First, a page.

ERs, advocates brace for heat's toll on city's homeless

Doctors warn heat puts homeless at risk

PORTLAND, Ore. -- Staff with Portland-based agencies like Transition Projects, Inc. and Catholic Charities started their routes around 7:30 a.m. Wednesday to spread the word about cooling centers, air-conditioned shelters and how to find them.

“Letting them know what line to take how to get there, especially if they're coming from other parts of the city that aren't downtown,” said Guillermo Rebolledo, with TPI.

Still, he added staffers working in these “mobile teams” are aware most homeless campers, open to shelters, would have already gone to them.

Those still on the streets, he said, tend to steer clear.

“We don't push it on individuals,” he said.

Doctors, though, are more than ready to push people into seeking shelter, and they’ll keep pushing for several days.

“Even though today and tomorrow are going to be the hottest days, heat stroke can still develop when the temperatures are in the 90's,” said Dr. Tovi Anderson of OHSU. “People are still at risk for heat stroke.”

Andrew Bunnell is aware of that risk.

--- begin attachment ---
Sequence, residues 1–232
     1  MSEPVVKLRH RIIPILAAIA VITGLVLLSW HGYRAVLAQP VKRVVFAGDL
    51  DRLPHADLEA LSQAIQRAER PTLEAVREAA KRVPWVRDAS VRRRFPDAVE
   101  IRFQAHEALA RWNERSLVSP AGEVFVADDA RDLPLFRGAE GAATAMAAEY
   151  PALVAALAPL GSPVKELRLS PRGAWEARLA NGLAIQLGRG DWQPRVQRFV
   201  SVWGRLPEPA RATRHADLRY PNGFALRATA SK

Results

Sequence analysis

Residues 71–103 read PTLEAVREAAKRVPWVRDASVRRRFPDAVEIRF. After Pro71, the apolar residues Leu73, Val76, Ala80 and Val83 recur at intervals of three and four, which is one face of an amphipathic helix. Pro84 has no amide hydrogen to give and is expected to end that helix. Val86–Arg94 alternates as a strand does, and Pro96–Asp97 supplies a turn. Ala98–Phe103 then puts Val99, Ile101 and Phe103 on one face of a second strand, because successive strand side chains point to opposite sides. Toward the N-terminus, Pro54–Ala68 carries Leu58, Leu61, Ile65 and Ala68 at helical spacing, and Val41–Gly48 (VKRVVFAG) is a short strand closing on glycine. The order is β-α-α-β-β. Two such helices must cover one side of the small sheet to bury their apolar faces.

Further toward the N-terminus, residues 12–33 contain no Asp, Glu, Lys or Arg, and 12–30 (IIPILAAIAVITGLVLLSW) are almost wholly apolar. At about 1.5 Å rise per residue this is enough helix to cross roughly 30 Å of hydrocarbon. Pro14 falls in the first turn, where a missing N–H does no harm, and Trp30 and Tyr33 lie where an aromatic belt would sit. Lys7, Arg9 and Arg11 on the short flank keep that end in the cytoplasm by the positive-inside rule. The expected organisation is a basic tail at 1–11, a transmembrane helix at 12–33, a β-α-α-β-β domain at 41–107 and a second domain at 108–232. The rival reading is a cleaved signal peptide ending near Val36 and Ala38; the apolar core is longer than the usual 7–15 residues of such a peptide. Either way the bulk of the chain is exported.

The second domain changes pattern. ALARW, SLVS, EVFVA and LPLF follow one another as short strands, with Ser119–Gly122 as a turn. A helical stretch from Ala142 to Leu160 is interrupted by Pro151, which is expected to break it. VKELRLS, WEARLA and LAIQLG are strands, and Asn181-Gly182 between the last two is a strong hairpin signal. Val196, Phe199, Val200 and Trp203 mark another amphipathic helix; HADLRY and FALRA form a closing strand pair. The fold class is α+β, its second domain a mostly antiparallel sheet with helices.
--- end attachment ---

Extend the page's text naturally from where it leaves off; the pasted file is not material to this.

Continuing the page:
“I've had issues with the heat before,” said Bunnell, who’s been homeless since he was 13. “That was last year in Las Vegas, and I almost passed out because of the heat,” he said.

According to the Mayo Clinic, symptoms of heatstroke include:

  • High body temperature. A body temperature of 104 F (40 C) or higher is the main sign of heatstroke.
  • Altered mental state or behavior. Confusion, agitation, slurred speech, irritability, delirium, seizures and coma can all result from heatstroke.
  • Alteration in sweating. In heatstroke brought on by hot weather, your skin will feel hot and dry to the touch. However, in heatstroke brought on by strenuous exercise, your skin may feel moist.
  • Nausea and vomiting. You may feel sick to your stomach or vomit.
  • Flushed skin. Your skin may turn red as your body temperature increases.
  • Rapid breathing. Your breathing may become rapid and shallow.
  • Racing heart rate. Your pulse may significantly increase because heat stress places a tremendous burden on your heart to help cool your body.
  • Headache. Your head may throb.

If you spot any of these symptoms, doctors recommend you:

  • Get the person into shade or indoors.
  • Remove excess clothing.
  • Cool the person with whatever means available — put in a cool tub of water or a cool shower, spray with a garden hose, sponge with cool water, fan while misting with cool water, or place ice packs or cold, wet towels on the person's head, neck, armpits and groin.

For a list of cooling centers in Portland click here

© 2017 KGW-TV


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